Chinese, Korean and U.S. researchers have created an extensive online database for Korean classics in Chinese, Korean and Romanized Korean as part of their East Asian studies project, City University of Hong Kong (CityU) said Sunday.
The database created by researchers from CityU and partner institutions in Korea and the U.S. is a collection of 3,000 volumes of old Korean literature written in classical Chinese.
“The collection is now easy to browse through, thanks to this cross-regional and cross-linguistic collaboration between CityU and its U.S. and Korean partners,” said CityU professor Steve Ching Hsianghoo at the launch ceremony last Friday.
Participants of the launching event for an ancient Korean literary classics online database pose for a photo Friday in Hong Kong. From left: Chang Jae-yong, East Asia Library of UC Berkeley librarian; Kwon Hyuk-chan, City University of Hong Kong (CityU) assistant professor; Han Jeong-hee, Kyungin Publishing Company CEO; Jung Chang-won, Jeju National University professor; Hwang Xiaomei, Central China Normal University vice president; Han Jae-jeuk, culture and press consul of Consulate General of the Republic of Korea in Hong Kong; Arthur Ellis, CityU provost; Dr. Csze Chi Ching of CityU; Cheng Pei-kai, director of CityU’s Chinese Civilization Center; Julia Han Ji-yeon, instructor in the department of Chinese, Translation and Linguistics at CityU; and Steve Ching Hsianghoo, CityU professor. (City University of Hong Kong)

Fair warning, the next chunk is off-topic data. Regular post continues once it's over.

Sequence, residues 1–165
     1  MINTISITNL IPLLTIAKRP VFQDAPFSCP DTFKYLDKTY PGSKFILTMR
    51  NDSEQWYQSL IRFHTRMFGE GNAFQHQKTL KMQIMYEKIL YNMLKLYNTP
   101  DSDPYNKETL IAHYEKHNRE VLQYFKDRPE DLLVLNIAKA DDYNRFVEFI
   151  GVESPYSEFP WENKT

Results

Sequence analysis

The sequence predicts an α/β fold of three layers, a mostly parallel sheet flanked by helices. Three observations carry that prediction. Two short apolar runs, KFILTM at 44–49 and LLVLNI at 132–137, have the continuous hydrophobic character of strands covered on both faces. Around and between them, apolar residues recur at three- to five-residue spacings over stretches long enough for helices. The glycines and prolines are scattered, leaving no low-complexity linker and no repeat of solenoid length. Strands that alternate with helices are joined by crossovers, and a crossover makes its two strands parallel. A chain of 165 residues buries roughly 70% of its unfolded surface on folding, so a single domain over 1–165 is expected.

The University of California, Berkeley, Jeju National University and Kyungin Publishing Company took part in the project.
Han Jae-heuk, consul of the Consulate General of the Republic of Korea in Hong Kong, said the creation of the database would contribute to promoting mutual understanding between Hong Kong, mainland China, Korea and the rest of the world.
The Korean Anthology in History covers a range of topics including philosophy, history, literature, politics, society, economics, the military, geography and astronomy written by Korean authors from the 7th century to the 20th century.
According to the CityU, the completion of the database has been challenging because it is not easy to read Korean works written in classical Chinese, which have a different writing style and word usage, and lack punctuation.
The university expects the database will help researchers look up information about a particular period in which the works were written and preserve classical Chinese works by Korean authors.
By Lee Woo-young (firstname.lastname@example.org